41st Annual Meeting of the Jean Piaget Society
Call for Program Proposals
Submission Deadline: December 1, 2010
The annual meeting of the Piaget Society brings together
social scientists and scholars from a broad range of disciplines
who are interested in knowledge and development. Individual
papers and symposia on cognitive and social development, language
and thought, cultural and educational influences on development
and related topics are welcome.
Scholars interested in knowledge and development are
invited to participate, whatever their discipline Submissions
need not address the program theme — all submissions
The program theme for this year is:
FOR DEVELOPING MATHEMATICAL & SCIENTIFIC REASONING
Lehrer and Leona Schauble (Vanderbilt University)
Join social scientists and educators from around the
world as they explore new research on mathematical and scientific
reasoning, with special attention given to the kinds of tasks,
talk, tools, and notations that support its development.
Featuring Presentations by:
- Andrea diSessa (University of California–Berkeley)
Education—Knowledge in Pieces
- Anne Marie Palinscar (University
The Role of Text in Science Education
B Saxe (University of California-Berkeley)
in Mathematics Education: Integers, Fractions, and the Number
- Reed Stevens (Northwestern University)
Design of Learning
- Deanna Kuhn (Columbia University)
The Development of
Evidence-Theory Coordination in Science
Invited Symposia organized by:
- Gary Benenson (CUNY/Graduate
The Development of Design in Mathematics and Science
Hall (Vanderbilt University)
Mathematics and Science in the
- Brian Reiser (Northwestern University)
of Modeling in Science
- K Ann Renninger (Swarthmore College)
Development of Interest in Mathematics and Science
Sandoval (University of California at Los Angeles)
of Argument in Mathematics and Science
Proposal Submission Forms
How to use these forms:
The forms are designed to be: (1) downloaded from the web site;
(2) completed on your computer using your own word processing
program; and (3) submitted by e-mail as a file attachment.
The forms are available as Microsoft Word (.doc) documents.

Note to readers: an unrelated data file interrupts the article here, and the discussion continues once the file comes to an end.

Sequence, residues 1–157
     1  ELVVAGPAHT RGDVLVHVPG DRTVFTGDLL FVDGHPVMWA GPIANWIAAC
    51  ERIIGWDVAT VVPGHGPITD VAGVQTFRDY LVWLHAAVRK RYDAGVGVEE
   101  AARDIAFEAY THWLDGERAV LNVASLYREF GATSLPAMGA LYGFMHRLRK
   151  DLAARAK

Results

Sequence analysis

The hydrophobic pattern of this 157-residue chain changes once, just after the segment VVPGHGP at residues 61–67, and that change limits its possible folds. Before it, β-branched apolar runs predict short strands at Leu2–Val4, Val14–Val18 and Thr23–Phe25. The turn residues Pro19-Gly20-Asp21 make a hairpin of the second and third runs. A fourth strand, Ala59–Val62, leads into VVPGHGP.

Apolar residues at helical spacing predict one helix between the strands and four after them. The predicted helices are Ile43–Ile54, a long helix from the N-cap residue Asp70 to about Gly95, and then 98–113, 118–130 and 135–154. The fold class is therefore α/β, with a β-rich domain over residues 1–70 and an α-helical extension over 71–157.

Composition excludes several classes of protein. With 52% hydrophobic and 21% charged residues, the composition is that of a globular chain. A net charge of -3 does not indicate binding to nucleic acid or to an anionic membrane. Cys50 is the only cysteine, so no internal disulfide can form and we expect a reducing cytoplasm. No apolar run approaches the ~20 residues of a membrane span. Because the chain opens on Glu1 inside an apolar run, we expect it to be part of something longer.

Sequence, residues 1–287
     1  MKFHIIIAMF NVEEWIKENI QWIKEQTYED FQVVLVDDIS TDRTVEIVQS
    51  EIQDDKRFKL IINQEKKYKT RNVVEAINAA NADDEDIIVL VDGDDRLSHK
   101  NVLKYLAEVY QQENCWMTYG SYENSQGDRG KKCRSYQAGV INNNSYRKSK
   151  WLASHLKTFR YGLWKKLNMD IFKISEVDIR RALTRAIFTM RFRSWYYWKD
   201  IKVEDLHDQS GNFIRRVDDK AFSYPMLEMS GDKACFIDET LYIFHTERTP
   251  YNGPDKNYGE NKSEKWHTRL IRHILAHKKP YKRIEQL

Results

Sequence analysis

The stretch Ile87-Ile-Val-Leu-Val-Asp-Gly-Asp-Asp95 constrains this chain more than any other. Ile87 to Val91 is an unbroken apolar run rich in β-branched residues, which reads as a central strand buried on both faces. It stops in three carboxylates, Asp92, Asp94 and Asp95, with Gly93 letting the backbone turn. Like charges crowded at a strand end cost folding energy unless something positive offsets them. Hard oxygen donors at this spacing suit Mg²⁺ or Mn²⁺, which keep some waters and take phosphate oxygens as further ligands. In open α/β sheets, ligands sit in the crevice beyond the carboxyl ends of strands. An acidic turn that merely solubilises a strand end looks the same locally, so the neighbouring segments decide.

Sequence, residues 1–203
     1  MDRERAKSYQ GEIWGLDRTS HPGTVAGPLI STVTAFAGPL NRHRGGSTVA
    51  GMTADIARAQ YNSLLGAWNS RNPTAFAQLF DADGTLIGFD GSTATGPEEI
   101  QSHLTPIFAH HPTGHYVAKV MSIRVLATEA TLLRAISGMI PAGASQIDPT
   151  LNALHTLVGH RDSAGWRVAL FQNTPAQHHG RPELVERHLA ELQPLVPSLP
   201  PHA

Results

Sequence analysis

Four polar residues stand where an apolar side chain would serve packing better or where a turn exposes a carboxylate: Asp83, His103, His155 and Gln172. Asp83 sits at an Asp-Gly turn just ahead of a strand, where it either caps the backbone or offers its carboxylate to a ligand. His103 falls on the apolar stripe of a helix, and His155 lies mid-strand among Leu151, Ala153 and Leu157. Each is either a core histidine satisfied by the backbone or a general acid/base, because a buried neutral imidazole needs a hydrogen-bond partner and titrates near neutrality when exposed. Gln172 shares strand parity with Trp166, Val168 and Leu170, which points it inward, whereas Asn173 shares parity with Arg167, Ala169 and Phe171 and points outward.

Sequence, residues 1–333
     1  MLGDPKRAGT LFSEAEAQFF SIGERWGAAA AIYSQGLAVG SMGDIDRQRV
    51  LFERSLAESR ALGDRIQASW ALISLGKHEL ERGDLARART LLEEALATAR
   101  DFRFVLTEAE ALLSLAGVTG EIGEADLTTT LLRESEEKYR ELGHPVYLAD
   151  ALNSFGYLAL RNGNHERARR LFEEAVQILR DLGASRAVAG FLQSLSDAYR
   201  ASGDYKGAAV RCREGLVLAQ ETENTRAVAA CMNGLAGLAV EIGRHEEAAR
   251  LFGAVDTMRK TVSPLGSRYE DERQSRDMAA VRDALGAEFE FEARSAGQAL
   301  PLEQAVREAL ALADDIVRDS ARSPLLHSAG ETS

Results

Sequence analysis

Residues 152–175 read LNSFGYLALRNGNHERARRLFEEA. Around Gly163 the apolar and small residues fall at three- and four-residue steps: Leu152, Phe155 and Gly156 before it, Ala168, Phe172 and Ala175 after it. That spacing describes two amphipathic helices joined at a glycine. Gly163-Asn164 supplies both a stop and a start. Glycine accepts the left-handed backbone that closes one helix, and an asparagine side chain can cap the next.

If you use another word processor (one that can't open MS Word
files), please contact Chris Lalonde (firstname.lastname@example.org).
To use the forms, follow these instructions:
- Download the form from the web site and save it to your
hard drive. Click on the filename to download the form of
- Open the file using Microsoft Word.
- Complete all sections of the form and save a copy on your
- Create an e-mail message addressed to email@example.com
and attach the file to the message.
- Once we receive the e-mail and the file attachment, we will
send an acknowledgement to you via e-mail.
If the file doesn't download automatically, try "right-clicking" on
the file name (PC users), or "control-clicking" (MAC
users). See the detailed instructions below
for more information.
Paper presentations (15 minutes) may be focused
on either empirical findings or theoretical analysis. The program
review committee will select individual submissions and schedule
a series of Paper Sessions that include 3-5 papers on similar
topics. These sessions will have a moderator and perhaps a discussant
appointed by the program committee. A paper proposal should include
a 200 word abstract (for publication in the conference program)
and a 1000 word summary (for the program review committee).
Poster presentations may be focused on either empirical findings
or theoretical analysis. The conference usually holds two poster
sessions held on separate days. The sessions are organized around
broad themes derived from the posters selected for each session.
Posters are mounted for display in a high-traffic area for the
entire day of the session, but presenting authors need only attend
their poster during the official session near the end of the
day. A poster proposal must include a 1000 word summary for the
program review committee.
Symposium proposals (75-90 minutes) should describe 3-4 presentations
organized around a single topic. Symposium sessions will have
a named organizer who may serve as moderator, and may include
a named discussant who will comment on the presented papers.
A symposium proposal must include a 400 word abstract (for publication
in the conference program), and a 1500 word summary (for the
program review committee) that describes each of the presentations
and the session as a whole.
Discussion Sessions (75-90 minutes) are intended to provide
an interactive venue for exploring ideas that bear on the development
of knowledge, broadly conceived. They may be formatted as debates,
panels, or organized discussions; and may focus on any well-defined
topic. Submissions must include a 400 word abstract (for publication
in the conference program), and a 1000 word summary (for the
program review committee) that describes the topic and structure
of the session and the role of each of the discussion leaders.
To download a form, try clicking the file name. Depending
on your set-up, one of two things will happen...
- The file may open automatically in your word processor.
If it does, you should then select "Save As..." from
the file menu, and save the file to a place on your computer
where you know you will find it again.
- You may be asked to choose a place to save the file. Choose
the location where you wish to save the file - and remember
where you saved it.
If all that fails, e-mail firstname.lastname@example.org and
I'll send you the appropriate form.